Thursday, November 27, 2014

Table of contents - "European Monsters" edited by Jo Thomas & Margrét Helgadóttir

I was thrilled by the concept behind the “Terror Tales” series of anthologies edited by Paul Finch and published by Gray Friar Press from the first volume released and six collections later I still cannot suppress my delight with all these books traveling across England’s provinces to highlight local legends and myths and dress them in new clothes. I also stated several times my dream of seeing such anthologies journeying across the globe in order to explore the rich vein of world’s folklore and myths and to shine a light on more such stories. You can imagine my joy when I discovered a new collection of short stories following my line of thought. “European Monsters” is one answer to my dream, an anthology dedicated to the frightening creatures at the heart of local folklore, myths and legends. And it gets even better, “European Monsters” is just the first of a new series of anthologies with this concept at its base, Fox Spirit Books, the publisher of this collection, announces that the next volumes have already booked tickets to further destinations, with the first of them being Africa in 2015. It is almost as much as I hoped for. I say almost because there is nothing to go by from here, I mean the concept is very clear and I have no complains about it. As a matter of fact, I have no complains what so ever about what keeps my delight in check either, but it still needs to be said, the table of contents assembled by the editors Jo Thomas and Margrét Helgadóttir features only a couple of familiar names. Nothing worrisome, on the contrary, as much as “European Monsters” is similar to the chance of discovering legends and myths unfamiliar to me so far, it is also an opportunity for finding new writers. It will certainly not be the first time when such a things happen, but until I read the collection I have no possibility to opinion on the matter. Another interesting fact regarding “European Monsters” edited by Jo Thomas and Margrét Helgadóttir is that we are talking about a coffee table book and this is one of my first experiences with such volumes. I’ve seen a couple, I don’t own any and yet, I am more than willing to put “European Monsters” on my coffee table. After all, I cannot say that monsters aren’t among the most interesting guests to have for a cup of coffee.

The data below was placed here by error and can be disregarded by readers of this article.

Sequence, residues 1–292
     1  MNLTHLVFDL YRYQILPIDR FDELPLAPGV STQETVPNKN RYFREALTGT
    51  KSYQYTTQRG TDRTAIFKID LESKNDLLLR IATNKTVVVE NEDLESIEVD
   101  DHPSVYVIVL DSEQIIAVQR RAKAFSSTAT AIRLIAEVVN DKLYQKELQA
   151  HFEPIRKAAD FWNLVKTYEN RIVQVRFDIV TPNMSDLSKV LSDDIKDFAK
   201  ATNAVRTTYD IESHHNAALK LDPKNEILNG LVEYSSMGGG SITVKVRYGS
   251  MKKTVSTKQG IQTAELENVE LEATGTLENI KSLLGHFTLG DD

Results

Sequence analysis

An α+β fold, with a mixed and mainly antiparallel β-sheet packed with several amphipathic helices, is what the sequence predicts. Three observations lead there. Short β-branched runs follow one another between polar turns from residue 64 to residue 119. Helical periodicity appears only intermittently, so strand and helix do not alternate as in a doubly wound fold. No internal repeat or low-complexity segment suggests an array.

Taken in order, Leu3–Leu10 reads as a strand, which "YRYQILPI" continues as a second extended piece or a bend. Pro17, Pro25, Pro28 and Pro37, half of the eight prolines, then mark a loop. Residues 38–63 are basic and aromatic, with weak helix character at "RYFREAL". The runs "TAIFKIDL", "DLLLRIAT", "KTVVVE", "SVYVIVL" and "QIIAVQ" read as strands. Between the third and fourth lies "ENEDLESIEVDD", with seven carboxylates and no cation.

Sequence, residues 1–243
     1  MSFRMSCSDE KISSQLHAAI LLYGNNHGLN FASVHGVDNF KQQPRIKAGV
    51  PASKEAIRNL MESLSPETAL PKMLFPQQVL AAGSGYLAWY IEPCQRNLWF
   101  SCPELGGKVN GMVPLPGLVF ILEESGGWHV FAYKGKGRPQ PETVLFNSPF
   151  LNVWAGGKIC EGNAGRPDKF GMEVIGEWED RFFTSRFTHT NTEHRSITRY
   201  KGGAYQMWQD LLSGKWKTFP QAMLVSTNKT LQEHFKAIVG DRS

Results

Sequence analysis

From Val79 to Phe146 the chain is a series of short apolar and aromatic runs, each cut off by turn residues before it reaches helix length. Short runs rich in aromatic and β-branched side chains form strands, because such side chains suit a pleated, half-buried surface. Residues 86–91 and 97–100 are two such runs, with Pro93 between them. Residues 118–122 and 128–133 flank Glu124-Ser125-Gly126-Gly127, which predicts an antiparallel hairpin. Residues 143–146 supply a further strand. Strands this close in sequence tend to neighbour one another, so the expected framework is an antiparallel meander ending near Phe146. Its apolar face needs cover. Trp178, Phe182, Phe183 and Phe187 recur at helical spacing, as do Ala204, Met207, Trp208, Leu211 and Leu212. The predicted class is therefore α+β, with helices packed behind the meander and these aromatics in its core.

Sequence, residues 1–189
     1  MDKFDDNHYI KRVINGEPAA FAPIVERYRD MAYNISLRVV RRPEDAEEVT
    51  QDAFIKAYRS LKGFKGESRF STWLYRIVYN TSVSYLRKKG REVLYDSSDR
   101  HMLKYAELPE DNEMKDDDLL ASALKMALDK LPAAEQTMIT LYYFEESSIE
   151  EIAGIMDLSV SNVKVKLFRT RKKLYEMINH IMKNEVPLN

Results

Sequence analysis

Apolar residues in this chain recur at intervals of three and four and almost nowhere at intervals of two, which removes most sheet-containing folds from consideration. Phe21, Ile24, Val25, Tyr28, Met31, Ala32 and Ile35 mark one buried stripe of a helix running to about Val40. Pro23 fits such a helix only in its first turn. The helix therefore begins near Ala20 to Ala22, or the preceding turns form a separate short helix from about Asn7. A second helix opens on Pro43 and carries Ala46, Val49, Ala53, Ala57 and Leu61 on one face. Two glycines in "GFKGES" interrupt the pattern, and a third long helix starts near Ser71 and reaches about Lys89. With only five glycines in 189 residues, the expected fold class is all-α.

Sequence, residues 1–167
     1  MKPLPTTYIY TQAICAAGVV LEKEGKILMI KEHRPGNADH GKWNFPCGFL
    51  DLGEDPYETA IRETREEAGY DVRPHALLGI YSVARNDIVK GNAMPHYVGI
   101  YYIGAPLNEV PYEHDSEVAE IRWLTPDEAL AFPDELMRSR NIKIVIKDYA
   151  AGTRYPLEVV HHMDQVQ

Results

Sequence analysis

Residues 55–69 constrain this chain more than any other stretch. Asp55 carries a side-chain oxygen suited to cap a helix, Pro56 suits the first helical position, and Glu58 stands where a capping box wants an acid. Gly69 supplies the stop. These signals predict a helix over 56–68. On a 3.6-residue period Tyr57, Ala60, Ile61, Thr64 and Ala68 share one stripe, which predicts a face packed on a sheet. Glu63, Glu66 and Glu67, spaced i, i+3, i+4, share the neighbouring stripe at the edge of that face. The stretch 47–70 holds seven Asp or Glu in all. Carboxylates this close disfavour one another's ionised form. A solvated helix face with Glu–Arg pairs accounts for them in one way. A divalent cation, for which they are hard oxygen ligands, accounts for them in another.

Here be Monsters!
They lurk and crawl and fly in the shadows of our mind. We know them from ancient legends and tales whispered by the  campfire. They hide under the dark bridge, in the deep woods or out on the great plains, in the drizzling rain forest or out on the foggy moor, beneath the surface, under your bed. They don’t sparkle or have any interest in us except to tear us apart. They are the monsters! Forgotten, unknown,  misunderstood, overused, watered down. We adore them still. We want to give them a renaissance, to reestablish their dark reputation, to give them a comeback, let the world know of their real terror.
Welcome to  ‘The Fox Spirit Books of Monsters’. A book series with dark fiction and art about monsters from around the world, starting with Europe, continuing with Africa in 2015 before the travel continues. Fox Spirit Books will take you from continent to continent, bringing you art and dark fiction about monsters based on local folklore, myths and legends from around the world.

“Herne” by Jonathan Grimwood
“Vijka” by Anne Michaud
“Broken Bridges” by James Bennett
“Upon The Wash of the Fjord” by Byron Black
“Nimby” by Hannah Kate
“Serpent Dawn” by Adrian Tchaikovsky & Eugene Smith (artist)
“Black Shuck” by Joan De La Haye
“A Very Modern Monster” by Aliya Whiteley
“Fly, My Dear, Fly” by Nerine Dorman
“Mélanie” by Aliette de Bodard
“Moments” by Krista Walsh
“Hafgufa Rising” by Chris Galvin
“Old Bones” by Peter Damien
“The Cursed One” by Icy Sedgwick
Mother Knows Worst” by Jasper Bark & Soussherpa (artist)

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